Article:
Wednesday Night Poetry has yet to miss a night of gathering since its start on Feb. 1, 1989, and despite social distancing and self-quarantining COVID-19 concerns have imposed on the community, the event was able to see its 1,625th Wednesday through with a virtual gathering.
"At this time of uncertainty our town and, basically everyone in America, needs something to hold on to, something to believe in, something that's normal; a little piece of what happens all the time, some kind of structure," WNP host Kai Coggin said. "(WNP) has never missed a single week in 1,625 weeks and although this is completely new territory for us to navigate, we're going to try our best to still hold our open mic and be a light in the community during this dark and uncertain time."
Usually held inside Kollective Coffee+Tea, Wednesday's WNP meeting was held virtually on Facebook, with a select few members volunteering to read a poem outside of the closed coffee shop.
Gin Hartnett, widow of WNP founder Bud Kenny, was one of two representatives who volunteered to recite a poem outside of the usual venue. She recited her poem "Bass Motive," a piece she had written for Kenny right before he died last October, that she never got to share with him. WNP member Roxy Rose volunteered to accompany Hartnett to video the reciting of her poem to add to the collection of other poets participating in the virtual gathering.
Upon arriving, Hartnett and Rose were met by three other WNP members who were unaware of the virtual gathering but made an appearance in fear the event's 1,625 streak would be ended due to COVID-19 concerns.
"(WNP) is a very important part of my life, of our lives, and we come every Wednesday night," WNP member Howard Lee Kilby said. "I used to go to church on Wednesday nights, and now I go to Wednesday Night Poetry; it's a very similar experience, it's a religious experience."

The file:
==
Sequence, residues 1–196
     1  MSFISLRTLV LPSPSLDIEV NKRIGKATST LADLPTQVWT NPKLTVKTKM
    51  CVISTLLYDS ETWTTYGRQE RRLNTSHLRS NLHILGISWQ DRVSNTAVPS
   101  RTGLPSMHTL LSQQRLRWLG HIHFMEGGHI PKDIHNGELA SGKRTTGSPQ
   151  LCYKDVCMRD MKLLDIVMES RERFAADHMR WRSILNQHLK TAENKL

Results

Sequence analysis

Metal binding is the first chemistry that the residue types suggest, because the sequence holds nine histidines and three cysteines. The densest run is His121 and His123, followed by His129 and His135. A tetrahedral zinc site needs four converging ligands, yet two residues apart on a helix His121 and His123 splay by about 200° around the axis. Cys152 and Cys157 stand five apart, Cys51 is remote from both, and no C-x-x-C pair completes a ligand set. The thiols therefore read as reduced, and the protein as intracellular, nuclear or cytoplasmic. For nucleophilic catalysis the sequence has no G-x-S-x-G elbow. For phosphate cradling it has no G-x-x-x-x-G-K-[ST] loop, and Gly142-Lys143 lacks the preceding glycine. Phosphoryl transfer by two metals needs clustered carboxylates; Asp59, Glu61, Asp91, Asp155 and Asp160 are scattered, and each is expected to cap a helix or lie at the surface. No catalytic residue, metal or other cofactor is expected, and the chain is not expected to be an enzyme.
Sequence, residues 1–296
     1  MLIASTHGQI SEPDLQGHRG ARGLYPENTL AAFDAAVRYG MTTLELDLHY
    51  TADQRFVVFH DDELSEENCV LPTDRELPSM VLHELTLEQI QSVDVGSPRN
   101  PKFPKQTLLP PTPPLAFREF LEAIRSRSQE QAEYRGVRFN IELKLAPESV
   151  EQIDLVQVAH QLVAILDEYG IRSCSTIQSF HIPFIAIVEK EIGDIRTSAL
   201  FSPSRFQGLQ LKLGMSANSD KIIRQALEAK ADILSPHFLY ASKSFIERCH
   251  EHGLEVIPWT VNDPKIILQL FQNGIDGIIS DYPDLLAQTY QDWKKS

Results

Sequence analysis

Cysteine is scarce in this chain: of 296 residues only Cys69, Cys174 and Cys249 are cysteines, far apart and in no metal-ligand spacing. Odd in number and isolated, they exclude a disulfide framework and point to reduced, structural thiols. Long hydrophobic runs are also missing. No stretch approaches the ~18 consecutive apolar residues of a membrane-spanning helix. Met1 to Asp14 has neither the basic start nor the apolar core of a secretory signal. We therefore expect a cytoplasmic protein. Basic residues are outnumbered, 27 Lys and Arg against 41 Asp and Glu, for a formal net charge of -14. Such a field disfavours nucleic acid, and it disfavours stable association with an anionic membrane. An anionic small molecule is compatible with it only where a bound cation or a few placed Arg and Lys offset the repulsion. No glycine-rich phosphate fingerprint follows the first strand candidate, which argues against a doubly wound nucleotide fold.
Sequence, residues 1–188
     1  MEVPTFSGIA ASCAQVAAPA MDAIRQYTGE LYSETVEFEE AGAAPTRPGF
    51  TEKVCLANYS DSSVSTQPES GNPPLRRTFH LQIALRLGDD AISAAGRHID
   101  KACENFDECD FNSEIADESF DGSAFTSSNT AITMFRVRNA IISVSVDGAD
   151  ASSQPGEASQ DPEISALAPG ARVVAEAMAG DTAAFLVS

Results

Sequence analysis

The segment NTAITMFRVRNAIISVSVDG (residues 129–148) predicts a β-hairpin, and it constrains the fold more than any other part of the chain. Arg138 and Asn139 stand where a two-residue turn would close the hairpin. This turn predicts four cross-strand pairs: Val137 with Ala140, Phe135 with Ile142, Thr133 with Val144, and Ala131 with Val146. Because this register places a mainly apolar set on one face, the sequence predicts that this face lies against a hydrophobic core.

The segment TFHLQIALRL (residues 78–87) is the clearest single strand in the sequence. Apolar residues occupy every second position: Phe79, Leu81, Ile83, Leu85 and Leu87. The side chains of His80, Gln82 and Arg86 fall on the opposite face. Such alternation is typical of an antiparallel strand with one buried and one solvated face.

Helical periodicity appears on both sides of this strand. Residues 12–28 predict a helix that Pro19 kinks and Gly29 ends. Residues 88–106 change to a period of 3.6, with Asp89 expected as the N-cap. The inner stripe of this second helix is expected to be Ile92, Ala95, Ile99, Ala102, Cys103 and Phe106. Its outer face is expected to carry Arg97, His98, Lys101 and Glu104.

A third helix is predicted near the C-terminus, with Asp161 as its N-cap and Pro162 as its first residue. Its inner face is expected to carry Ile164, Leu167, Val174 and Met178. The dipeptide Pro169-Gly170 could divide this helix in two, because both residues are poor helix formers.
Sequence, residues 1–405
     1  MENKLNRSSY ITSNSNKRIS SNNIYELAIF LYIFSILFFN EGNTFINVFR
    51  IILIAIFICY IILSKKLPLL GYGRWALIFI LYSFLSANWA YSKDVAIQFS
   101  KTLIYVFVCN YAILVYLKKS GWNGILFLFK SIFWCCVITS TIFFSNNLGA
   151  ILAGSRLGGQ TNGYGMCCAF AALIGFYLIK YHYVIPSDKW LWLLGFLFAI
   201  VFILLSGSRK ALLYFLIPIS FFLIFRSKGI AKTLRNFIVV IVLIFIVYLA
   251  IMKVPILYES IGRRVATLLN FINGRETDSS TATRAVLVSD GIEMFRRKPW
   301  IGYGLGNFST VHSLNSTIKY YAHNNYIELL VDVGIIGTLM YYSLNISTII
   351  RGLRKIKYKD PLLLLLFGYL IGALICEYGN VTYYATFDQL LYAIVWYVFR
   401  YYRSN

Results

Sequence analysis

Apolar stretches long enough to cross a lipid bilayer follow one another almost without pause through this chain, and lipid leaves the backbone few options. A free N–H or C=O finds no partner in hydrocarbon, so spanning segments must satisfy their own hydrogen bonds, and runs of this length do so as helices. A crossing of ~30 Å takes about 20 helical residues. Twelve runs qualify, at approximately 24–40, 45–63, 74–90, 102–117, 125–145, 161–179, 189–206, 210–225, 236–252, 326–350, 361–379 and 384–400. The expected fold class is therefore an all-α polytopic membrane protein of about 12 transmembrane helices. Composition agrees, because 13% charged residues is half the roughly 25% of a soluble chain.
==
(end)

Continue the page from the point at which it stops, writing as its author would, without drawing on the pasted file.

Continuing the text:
"And since 1981, there has never been an interruption; with snow, power outages, flooding -- there's never been an interruption," WNP member William Maxwell said. "We came to keep it going. ... Nothing human lasts very long, we all die, but some tradition that lasts that long, you need to preserve it."
WNP member Shaman Rickie also accompanied Kilby and Maxwell, who each recited an original poem, to provide a drum chant.
Coggin said they will continue to hold virtual WNP gatherings in the weeks to come, but having volunteers recite a poem outside of Kollective for physical representation will depend on how severe COVID-19 concerns grow.
"I definitely want to be responsible and not put anybody in danger and so if it gets weirder or worse after this week, which I'm afraid it might, we're just going to be doing a virtual open mic. ... We're all just doing our best," Coggin said. "In times of darkness, humanity turns to the poets and to the artists and to the musicians for clarity and for guidance and just by coming together, I think that we're going to be able to do that and sharing it on a global platform like Facebook, perhaps it can give somebody else a little hope and maybe won't feel so alone during this time of isolation and social distancing."
With the virtual WNP gathering, she noted, there is a larger variety of people than usual who can be a part of it. Participating poets on Wednesday ranged from 9 years old to 85 years old, allowing some who attended the first WNP gathering in 1989 to participate, Coggin said.
"People from Little Rock and Fayetteville and all over who are part of our family that might not be able to come in body every week -- they jumped to be a part of this," she said. "We all need to find the beauty during this time and find the hope in community and reach out and feel like we're still a part of something even though we're all so separated right now in our homes -- or we should be."
Coggin said the Hot Springs community has continued to "carry the flame of the art" in poetry.
"I'm really proud to be a part of it and be able to walk us through this uncertain time, and I feel like Bud is with me, kind of guiding me through also and nudging me," she said. "I definitely don't feel alone in this decision and we're all kind of coming together to see how it goes. People need some kind of outlet and some kind of sense that everything is not all scary ... (The poets are) pretty hopeful and honest and raw, just like they are every week."
WNP's virtual gathering can be viewed on its Facebook Page: Wednesday Night Poetry.
Coggin said she likes the image of people turning to poets, artists and musicians during "dark times."
"Everyone is sharing songs and resources and poems; things that are kind of holding us all up as we go into this collective uncertainty," she said. "There's a lot of fear out there, and I'm scared about what's going to be happening over the next weeks and months. I'm going to do what I can to stand as a light in our community and in our world and just keep doing that as long as we can.
Local on 03/20/2020